The Broken Kings (The Merlin Codex, Book 3)

ISBN: 0765311097
ISBN 13: 9780765311092
By: Robert Holdstock

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About this book

Argo, the ancient ship, has returned and hides beneath Urtha's fortress in Alba. Jason and the Argonauts are aboard her, enchanted into sleep. Niiv is still Merlin's lover, still seeking magic and mysteries, still a delight and torment to him. Something is wrong in Alba. An unknown force is affecting the land. The omens are frightening. The feckless Sons of Llew arrive, having stolen their uncle's chariot and horses once again. They bring news of hostels, gateways between the worlds of the living and the dead. An enormous gathering of the Shades, of the dead and the unborn, are being drawn to them. Meanwhile, Kymon and Munda, Urtha's son and daughter, are coming of age. Kymon is angry, boastful, ready to fight the Shades of Heroes, and violently annoyed by his father's diplomacy. Munda, on the other hand, is possessed of the Sight and welcomes the new, strange force in the land. She breaks taboo to visit one of the hostels. She comes back speaking of the Killer of Kings, the son of Jason. And as Merlin walks in and out of time, clinging to his magic and the remains of his youth, the forces set in motion will determine the fate of kings and kingdoms alike.

Reader's Thoughts

Silvio Curtis

This is the last book of the series. The troubles with Ghostland continue, and the search for their cause takes Merlin, Jason, Urtha, Niiv, and Argo on another southward voyage. A fascinating revised version of the myth of Daidalos is involved.This is the most emotionally varied of the books. Unfortunately, the hints of setting and background history stay hints and no more, with just enough revealed to explain the plot. Some of them seem to be references to other books of Holdstock's, so maybe if I read any of them I can find out more.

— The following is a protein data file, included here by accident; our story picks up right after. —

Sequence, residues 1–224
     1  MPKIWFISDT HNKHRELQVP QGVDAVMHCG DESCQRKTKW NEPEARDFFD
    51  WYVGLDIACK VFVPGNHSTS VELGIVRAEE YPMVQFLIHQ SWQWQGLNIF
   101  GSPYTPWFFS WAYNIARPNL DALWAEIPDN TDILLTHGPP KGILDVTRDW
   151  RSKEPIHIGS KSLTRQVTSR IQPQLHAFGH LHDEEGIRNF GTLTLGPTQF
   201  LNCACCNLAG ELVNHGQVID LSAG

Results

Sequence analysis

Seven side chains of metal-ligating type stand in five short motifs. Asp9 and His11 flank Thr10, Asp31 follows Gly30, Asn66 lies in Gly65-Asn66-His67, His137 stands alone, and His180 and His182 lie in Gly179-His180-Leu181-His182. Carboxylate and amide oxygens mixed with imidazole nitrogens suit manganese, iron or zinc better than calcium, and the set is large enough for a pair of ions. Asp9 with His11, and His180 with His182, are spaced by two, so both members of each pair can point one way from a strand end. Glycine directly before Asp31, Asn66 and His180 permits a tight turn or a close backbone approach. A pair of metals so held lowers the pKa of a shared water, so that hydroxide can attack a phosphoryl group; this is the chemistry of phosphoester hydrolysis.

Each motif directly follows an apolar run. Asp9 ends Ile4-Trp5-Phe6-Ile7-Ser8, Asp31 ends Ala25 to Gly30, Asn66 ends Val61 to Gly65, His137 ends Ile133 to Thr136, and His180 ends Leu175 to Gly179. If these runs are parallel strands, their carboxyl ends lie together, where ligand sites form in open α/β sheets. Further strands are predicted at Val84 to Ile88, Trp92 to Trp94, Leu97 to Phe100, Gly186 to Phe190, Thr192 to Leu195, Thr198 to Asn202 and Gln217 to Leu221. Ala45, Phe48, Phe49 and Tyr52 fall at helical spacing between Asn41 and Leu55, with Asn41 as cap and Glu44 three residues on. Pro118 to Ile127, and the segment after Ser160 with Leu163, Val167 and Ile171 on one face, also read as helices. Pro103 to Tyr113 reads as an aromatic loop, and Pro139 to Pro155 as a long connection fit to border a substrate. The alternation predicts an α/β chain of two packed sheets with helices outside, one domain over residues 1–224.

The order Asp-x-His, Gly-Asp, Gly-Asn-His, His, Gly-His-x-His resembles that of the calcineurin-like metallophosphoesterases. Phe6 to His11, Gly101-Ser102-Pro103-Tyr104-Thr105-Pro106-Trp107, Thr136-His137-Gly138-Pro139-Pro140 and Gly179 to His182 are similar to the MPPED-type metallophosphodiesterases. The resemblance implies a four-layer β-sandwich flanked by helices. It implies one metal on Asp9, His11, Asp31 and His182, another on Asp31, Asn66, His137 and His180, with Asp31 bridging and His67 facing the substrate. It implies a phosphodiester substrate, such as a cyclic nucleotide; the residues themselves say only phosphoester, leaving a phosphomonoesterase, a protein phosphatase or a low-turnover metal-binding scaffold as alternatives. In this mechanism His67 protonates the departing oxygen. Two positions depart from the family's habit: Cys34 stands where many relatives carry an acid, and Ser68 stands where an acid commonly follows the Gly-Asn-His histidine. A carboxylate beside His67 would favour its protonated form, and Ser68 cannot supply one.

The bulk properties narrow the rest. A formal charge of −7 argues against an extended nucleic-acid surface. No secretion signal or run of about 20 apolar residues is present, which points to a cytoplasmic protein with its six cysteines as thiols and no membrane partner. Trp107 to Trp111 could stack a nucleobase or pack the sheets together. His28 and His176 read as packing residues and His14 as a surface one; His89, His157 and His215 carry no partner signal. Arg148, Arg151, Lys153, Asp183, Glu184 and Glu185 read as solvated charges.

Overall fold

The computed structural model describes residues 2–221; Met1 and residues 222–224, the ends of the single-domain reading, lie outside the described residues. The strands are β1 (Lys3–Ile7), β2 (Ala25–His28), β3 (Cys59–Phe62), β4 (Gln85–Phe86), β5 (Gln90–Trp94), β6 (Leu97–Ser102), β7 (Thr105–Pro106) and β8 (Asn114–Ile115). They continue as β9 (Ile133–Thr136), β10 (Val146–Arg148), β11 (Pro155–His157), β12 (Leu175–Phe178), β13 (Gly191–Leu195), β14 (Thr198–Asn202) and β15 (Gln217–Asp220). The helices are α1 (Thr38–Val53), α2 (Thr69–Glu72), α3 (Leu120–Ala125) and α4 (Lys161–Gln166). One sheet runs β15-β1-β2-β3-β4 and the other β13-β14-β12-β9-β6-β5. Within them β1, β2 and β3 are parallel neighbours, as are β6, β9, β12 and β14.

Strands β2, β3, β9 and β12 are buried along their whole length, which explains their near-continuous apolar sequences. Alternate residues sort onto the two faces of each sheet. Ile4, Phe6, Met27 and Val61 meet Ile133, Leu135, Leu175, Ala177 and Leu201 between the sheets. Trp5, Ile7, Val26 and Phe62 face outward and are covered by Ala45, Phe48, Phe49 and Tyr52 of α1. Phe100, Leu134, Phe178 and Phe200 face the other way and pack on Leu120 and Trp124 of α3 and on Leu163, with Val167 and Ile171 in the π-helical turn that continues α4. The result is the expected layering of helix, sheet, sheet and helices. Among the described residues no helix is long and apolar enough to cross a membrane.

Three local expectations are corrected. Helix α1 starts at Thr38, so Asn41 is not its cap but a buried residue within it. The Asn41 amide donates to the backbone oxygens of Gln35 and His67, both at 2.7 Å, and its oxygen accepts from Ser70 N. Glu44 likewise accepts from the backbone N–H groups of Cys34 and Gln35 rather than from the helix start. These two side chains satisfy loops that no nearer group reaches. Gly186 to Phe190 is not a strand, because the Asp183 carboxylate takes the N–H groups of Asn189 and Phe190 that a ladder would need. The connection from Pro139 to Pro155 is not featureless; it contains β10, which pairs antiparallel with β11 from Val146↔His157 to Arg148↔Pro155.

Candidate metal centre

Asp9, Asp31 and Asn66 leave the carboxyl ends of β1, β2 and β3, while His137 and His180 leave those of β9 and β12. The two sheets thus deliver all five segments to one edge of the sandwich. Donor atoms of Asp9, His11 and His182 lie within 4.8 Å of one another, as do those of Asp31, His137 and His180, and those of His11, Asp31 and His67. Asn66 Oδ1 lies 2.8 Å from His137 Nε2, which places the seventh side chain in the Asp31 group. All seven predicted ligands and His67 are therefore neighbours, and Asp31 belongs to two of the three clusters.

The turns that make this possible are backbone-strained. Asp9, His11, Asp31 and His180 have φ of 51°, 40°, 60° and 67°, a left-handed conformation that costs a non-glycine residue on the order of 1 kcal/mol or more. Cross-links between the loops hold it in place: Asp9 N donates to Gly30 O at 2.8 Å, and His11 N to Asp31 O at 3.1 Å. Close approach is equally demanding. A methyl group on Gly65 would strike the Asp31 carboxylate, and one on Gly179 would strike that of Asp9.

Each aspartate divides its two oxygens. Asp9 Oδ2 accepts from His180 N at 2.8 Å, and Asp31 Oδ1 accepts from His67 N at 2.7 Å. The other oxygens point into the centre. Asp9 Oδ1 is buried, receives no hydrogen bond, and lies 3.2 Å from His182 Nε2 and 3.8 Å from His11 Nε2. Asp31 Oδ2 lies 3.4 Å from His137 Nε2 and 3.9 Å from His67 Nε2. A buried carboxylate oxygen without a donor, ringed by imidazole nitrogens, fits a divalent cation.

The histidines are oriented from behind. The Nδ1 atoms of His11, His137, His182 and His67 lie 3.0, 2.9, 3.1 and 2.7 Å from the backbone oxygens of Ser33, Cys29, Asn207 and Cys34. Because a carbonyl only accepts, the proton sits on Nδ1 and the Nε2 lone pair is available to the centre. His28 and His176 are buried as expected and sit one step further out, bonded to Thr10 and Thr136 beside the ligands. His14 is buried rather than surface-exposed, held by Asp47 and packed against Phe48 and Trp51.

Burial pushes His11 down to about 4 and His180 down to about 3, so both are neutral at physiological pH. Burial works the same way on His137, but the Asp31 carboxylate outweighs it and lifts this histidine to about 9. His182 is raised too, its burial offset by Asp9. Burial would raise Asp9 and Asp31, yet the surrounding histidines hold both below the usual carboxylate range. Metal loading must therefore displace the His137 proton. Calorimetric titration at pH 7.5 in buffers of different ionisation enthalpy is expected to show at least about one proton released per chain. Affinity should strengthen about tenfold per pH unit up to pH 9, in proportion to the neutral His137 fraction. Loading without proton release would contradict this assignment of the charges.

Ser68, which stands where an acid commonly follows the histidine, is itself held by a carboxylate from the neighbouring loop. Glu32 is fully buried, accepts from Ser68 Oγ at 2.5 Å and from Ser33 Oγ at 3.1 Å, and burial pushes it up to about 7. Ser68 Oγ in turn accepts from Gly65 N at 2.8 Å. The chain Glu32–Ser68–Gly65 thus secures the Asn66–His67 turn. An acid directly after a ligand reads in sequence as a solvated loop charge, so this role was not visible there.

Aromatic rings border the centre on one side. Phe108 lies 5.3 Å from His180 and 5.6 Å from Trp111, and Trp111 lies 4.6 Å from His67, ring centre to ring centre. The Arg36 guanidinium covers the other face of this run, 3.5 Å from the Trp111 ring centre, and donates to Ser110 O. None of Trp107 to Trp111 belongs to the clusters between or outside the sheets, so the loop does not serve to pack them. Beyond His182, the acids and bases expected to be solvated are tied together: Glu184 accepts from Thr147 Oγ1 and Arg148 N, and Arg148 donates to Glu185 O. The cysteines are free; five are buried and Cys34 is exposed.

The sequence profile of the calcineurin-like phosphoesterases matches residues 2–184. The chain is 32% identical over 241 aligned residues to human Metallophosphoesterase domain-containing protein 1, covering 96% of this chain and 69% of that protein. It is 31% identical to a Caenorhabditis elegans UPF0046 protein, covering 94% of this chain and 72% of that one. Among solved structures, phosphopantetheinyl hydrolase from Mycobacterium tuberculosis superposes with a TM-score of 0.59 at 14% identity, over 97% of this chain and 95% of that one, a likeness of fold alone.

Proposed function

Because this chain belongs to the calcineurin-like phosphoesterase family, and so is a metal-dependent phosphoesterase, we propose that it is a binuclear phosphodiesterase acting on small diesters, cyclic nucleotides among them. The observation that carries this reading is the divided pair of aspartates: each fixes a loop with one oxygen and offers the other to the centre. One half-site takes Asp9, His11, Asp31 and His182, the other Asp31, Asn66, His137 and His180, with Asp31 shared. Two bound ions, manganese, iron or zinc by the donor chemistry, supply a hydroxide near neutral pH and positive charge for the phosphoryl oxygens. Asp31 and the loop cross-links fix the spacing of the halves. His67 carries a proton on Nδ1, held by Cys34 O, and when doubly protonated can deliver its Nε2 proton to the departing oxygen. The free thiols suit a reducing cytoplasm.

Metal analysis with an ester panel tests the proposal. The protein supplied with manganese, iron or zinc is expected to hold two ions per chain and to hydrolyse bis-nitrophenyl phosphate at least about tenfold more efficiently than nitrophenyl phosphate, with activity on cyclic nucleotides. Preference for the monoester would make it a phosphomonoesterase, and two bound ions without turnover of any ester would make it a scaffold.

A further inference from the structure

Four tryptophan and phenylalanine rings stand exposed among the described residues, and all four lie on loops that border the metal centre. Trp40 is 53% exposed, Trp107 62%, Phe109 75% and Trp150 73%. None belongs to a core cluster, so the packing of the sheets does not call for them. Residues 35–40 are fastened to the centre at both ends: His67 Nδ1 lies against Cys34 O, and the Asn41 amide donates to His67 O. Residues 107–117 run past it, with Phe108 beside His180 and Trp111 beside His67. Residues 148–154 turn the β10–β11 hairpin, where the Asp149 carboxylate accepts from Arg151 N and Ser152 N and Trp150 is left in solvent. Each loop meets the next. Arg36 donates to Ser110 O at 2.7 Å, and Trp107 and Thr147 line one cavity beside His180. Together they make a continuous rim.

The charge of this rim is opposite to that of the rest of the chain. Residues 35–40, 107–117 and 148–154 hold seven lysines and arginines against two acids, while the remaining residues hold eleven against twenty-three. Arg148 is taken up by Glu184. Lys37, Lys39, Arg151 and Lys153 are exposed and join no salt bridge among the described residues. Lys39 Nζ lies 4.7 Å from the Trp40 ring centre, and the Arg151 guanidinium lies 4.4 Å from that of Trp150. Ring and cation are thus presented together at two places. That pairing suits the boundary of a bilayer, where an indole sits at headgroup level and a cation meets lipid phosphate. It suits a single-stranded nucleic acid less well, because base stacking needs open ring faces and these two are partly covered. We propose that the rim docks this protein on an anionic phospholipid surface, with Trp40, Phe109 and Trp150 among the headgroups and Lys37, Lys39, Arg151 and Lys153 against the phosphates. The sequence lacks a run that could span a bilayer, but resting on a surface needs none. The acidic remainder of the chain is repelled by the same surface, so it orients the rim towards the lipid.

Holly Lindquist

In the final book of The Merlin Codex, Greek and Celtic myth continue to exist in a kind of vertigo-inducing disharmony. The descriptions are lovely (as they were in the first two books), but the storyline is as elusive as a Will-o-the-wisp.We finally discover who's been causing the kerfuffle in Ghostland, but that revelation only brings up more questions. Why that particular character? Why do I feel like it was randomly plucked from the mythological grab-bag? So, to sum up: Ambiguous mythological allusions float past on a sort of poetic promenade and eventually disappear into the fog of a largely amorphous plot.


The Broken Kings is perhaps Holdstock's most complicated novel so far. Published two years before his death, the novel weaves many of the ideas first explored in earlier novels. The structure of the work itself is labyrinthine, rewarding readers patient enough to follow his storyteller's saga through mythopoesis until it reaches its heart.

Stephen Hampshire

It took me a while to get into this (partly because it's been a while since I read the first two in the series I guess), but when I did I really enjoyed it. Not sure how much sense some of it would make unless you've read Holdstock's other stuff...but you should anyway, so tough!


Finally finished this one off, and while parts of it were just as tedious as the first two in the trilogy, I really liked the ending and that totally made up for the rest of it.

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